Inspecting risks and operations on-site

On-site inspections are the most intrusive supervisory tool available to banking supervisors and are a powerful complement to off-site supervisory activity. They are undertaken at the behest of the joint supervisory teams (JSTs), but carried out independently of the ongoing, day-to–day supervision performed by the JSTs. For each on-site mission, the head of mission receives a precise mandate and has a focused objective that is approved in advance by the Supervisory Board of the ECB. The purpose of on-site missions is to provide an in-depth analysis of the situation of banks, in particular regarding risks, internal control systems, business models and governance. On-site inspections are conducted at the premises of the bank and, depending on the complexity of the inspection, the on-site fieldwork can last from six to 16 weeks.

In 2017, more than 150 on-site inspections were undertaken in ECB-supervised banks, covering all aspects of the inspected banks’ risk profiles. About 40% of these missions focused on credit risk. There was also a strong but lower demand for missions on operational risks including IT risks, and on general governance topics and capital. On-site activities are not limited to the 19 countries of the euro area. As inspected entities’ business is in many cases performed worldwide through branches or subsidiaries, inspections can also take place in bank premises based in non-euro area countries.

Each inspection or mission team is composed of experienced inspectors drawn from the ECB and national competent authorities (NCAs) and is led by a Head of Mission who acts independently of but in cooperation with the JST coordinator (JSTC). In 2017, 90% of missions were led by mission heads from NCAs, with most taking place in institutions based in the country of the respective NCA. The remaining 10% of the inspections were led by staff from the ECB. External experts working under the same confidentiality rules that apply to ECB staff may also support the on-site teams as team members. ECB Banking Supervision is keen for inspection teams from the different participating member states to benefit from each other’s experience and perspectives and in 2017 launched a dedicated initiative to increase the number of cross-border and mixed-team missions.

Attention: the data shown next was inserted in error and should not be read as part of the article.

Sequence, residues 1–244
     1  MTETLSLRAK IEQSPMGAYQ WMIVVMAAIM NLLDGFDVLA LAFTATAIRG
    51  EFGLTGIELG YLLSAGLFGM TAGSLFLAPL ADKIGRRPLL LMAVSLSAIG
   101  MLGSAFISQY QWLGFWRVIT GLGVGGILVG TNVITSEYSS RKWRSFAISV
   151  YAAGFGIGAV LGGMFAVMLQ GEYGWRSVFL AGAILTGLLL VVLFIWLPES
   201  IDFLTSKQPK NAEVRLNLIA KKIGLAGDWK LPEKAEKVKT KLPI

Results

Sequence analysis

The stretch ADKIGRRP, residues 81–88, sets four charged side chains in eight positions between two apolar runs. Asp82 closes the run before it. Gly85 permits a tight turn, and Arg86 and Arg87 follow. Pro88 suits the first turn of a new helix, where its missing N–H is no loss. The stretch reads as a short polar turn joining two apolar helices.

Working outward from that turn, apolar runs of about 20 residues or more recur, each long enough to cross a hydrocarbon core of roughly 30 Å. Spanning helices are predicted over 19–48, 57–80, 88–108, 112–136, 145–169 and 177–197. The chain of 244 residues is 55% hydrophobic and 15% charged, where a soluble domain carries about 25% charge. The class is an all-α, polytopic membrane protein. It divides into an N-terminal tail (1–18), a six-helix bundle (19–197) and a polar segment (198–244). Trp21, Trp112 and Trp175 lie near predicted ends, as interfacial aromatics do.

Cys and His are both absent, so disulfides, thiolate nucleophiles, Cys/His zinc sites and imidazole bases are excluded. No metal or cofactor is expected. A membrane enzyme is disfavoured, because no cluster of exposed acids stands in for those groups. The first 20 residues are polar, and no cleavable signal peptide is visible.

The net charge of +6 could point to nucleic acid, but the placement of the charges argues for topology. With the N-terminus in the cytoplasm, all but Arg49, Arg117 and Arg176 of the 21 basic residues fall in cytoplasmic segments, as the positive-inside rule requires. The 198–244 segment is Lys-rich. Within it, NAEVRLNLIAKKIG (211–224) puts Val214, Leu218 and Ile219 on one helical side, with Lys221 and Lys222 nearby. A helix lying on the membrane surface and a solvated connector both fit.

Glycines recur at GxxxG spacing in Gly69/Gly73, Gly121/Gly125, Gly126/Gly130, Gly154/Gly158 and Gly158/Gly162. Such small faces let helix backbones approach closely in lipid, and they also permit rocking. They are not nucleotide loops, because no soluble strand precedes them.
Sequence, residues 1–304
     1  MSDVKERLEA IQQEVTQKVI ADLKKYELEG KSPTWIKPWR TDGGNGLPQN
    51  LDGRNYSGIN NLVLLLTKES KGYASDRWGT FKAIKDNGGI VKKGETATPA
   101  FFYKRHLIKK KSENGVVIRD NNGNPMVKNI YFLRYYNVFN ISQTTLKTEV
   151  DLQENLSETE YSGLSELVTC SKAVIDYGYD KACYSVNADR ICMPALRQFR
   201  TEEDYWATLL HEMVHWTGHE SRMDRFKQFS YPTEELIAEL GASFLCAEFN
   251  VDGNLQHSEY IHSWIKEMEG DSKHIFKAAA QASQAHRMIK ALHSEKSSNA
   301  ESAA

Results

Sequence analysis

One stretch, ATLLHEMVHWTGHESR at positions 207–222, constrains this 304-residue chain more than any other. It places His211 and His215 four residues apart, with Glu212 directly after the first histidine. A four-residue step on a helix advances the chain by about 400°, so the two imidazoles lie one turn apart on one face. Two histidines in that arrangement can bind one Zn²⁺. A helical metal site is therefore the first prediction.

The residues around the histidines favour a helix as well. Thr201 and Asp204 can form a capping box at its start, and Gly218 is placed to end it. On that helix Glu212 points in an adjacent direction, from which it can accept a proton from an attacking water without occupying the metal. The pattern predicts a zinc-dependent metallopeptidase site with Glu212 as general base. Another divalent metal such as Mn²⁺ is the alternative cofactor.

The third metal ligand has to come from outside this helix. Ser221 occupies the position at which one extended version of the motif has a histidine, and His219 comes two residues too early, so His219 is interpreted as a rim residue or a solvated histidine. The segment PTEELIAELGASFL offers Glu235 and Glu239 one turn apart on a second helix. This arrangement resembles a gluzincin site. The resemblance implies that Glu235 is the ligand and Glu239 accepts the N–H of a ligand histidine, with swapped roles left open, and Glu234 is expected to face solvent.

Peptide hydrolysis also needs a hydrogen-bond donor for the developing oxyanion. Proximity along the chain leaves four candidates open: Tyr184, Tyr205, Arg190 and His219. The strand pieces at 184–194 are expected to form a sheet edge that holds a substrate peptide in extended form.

Depending on the scope and objectives of the inspection, the teams apply a mix of techniques during their work on the premises of the bank. These encompass not only targeted interviews but also in-depth analyses of the banks’ information, data verification, observations, walk-throughs and case-by-case examinations, for example, the analysis of a sample of credit files or business transactions. To support these activities inspectors can ask for read-only access to the inspected entities’ IT systems.

Inspectors’ draft reports are subject to a quality assurance process before they are sent to the inspected entities, well in advance of the exit meeting. This is the last meeting between the on-site team and the persons effectively directing the business of the bank. The aim of the exit meeting is to discuss the draft report, with the comments of the inspected entities being added to the final report. This process allows full transparency and ensures that the JST can take the bank’s position into consideration when preparing the follow-up to the mission. The final inspection report, which is signed by the Head of Mission, and hence is his/her sole responsibility, is sent to the JSTC and the bank. The JST uses the inspection report to develop recommendations or draft decisions; it will then follow up on the appropriate remedial actions undertaken by the bank, including by taking supervisory measures to address any remaining shortcomings.

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